3. The World Is HD, And It’s Gorgeous

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But what a world it is! The visual style of the Wii U Legend of Zelda seems to also be taking cues from all the previous games, not quite abandoning the more “realistic” style of Twilight Princess and straying even further from the more stylised Skyward Sword, straying into the cel-shaded territory of Wind Waker. Well, for the characters at least, because the world they exist in looks like the most fully-realised ever seen in a Zelda game. And, because it’s on the Wii U, it’ll be in glorious HD to boot!

We’re not sure yet if this is Hyrule or another location entirely, but wherever it is, it looks amazing. Aonuma spent the majority of his talk sitting in front of a serene scene of our hero on horseback in a sweeping meadow, with each strand of grass perfectly rendered and waving gently in the breeze, the mountains in the distance as crystal clear as the Nintendo bod sat right before our eyes. It’s breathtaking in the same way Ocarina of Time was when we first booted it up all those years ago.

2. Link Might Not Be The Hero

123 The Legend Of Zelda Wii U: 5 Things We Learned At E3

One of the most interesting takeaways from the E3 trailer is the discussion amongst fans and industry types alike about the nature of the player character: specifically, is that Link or not? Whoever the character in the trailer was, they certainly had the right hair colour and elfen look – not to mention horse riding and archery skills – but the traditional green tunic and Santa hat were missing. Some have even suggested the the effeminate look suggests a female hero for this new Legend of Zelda but, well, Link has never been the most ruggedly masculine hero in video games.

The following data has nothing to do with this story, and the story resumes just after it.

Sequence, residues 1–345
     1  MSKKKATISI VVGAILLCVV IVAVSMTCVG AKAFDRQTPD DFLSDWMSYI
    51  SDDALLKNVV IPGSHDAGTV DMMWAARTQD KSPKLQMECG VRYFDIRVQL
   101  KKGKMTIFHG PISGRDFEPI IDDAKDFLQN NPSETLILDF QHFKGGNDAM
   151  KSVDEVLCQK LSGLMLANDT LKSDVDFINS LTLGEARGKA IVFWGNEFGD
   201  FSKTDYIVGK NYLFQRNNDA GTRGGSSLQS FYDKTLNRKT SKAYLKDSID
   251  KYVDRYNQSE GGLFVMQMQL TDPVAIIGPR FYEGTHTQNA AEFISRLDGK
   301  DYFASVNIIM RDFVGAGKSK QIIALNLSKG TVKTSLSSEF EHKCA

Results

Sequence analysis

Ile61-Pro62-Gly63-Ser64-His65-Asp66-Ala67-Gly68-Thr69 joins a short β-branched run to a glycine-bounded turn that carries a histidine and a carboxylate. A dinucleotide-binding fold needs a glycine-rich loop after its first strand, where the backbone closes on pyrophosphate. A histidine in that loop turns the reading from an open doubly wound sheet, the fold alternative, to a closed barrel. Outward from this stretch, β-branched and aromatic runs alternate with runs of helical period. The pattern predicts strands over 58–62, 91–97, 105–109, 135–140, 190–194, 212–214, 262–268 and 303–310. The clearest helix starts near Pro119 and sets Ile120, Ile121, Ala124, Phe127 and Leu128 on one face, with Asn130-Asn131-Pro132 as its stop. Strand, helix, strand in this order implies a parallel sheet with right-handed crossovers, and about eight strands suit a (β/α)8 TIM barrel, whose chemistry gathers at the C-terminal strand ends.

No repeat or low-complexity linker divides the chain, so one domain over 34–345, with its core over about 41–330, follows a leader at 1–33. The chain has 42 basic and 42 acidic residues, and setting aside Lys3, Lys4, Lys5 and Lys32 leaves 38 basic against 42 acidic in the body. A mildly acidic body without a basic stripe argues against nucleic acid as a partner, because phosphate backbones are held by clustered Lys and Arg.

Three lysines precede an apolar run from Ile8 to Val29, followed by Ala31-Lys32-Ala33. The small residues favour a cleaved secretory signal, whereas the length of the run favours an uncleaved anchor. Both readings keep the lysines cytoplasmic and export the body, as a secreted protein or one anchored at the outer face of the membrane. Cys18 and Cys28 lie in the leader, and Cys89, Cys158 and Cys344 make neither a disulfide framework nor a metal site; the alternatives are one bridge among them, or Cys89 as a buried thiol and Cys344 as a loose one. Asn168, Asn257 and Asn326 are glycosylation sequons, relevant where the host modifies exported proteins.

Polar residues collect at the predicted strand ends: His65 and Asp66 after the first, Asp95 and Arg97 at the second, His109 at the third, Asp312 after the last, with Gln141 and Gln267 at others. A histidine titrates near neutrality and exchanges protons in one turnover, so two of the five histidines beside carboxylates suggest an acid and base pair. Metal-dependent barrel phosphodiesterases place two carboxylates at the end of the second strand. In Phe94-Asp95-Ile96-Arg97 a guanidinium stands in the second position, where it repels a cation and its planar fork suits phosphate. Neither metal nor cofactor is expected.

It’s a theory that Aonuma has since been stoking, as when questioned the producer slyly noted that “no one explicitly said that that was Link.” As much as the new game will draw on series traditions, Nintendo have also promised to break from convention in other aspects, and perhaps a female-lead Zelda game could be the best way to shake up the franchise a little. It’s certainly welcome news amongst all this Assassin’s Creed gubbins…

1. It Might Be Worth Getting A Wii U After All

124 The Legend Of Zelda Wii U: 5 Things We Learned At E3

Each new report out of Nintendo seemed like it could have been the company’s death knell: their Wii U console consistently fails to reach sales expectations, barely anyone is buying it, there aren’t that many games worth buying for it, yadda yadda yadda. The same things were said about the Wii when it launched, and it sold like hot cakes. True, they now sell for about £30 at your local Cash Converters, but they made millions on their debut thanks to titles that catered for the casual (Wii Sports, Wii Fit etc) and hardcore (Twilight Princess, No More Heroes) gamer.

The Wii U, meanwhile, has failed to imitate that success, for a variety of reasons. It could be the pricing, coupled with the fact that most people couldn’t really see the difference between the Wii U and the Wii; so we use a tablet instead of motion controls now? What? Why? And it’s HD? That’s not worth £200. What games does it have? Aside from ZombiU, nothing that’s really gotten much press. That’s why this new Legend of Zelda is so important.

Between this and the new Smash Bros game, the Wii U could finally reconnect the audience that Nintendo alienated by focussing on gimmicks over games, as well as tapping into the huge fanbase the Zelda franchise has built up over the years. Apart from that, though, the game just looks so, so good that investing in a whole new console for it looks like it might actually be worth the price of admission. Now if you need us, we’re going to be whistling Saria’s Song for the rest of the week.